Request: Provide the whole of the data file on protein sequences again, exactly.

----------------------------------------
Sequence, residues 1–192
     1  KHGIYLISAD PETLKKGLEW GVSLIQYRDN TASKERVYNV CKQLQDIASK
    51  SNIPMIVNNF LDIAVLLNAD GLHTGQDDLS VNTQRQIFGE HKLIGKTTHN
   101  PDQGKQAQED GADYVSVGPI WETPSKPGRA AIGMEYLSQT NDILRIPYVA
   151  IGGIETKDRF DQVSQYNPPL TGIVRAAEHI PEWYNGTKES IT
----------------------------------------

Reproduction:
Sequence, residues 1–192
     1  KHGIYLISAD PETLKKGLEW GVSLIQYRDN TASKERVYNV CKQLQDIASK
    51  SNIPMIVNNF LDIAVLLNAD GLHTGQDDLS VNTQRQIFGE HKLIGKTTHN
   101  PDQGKQAQED GADYVSVGPI WETPSKPGRA AIGMEYLSQT NDILRIPYVA
   151  IGGIETKDRF DQVSQYNPPL TGIVRAAEHI PEWYNGTKES IT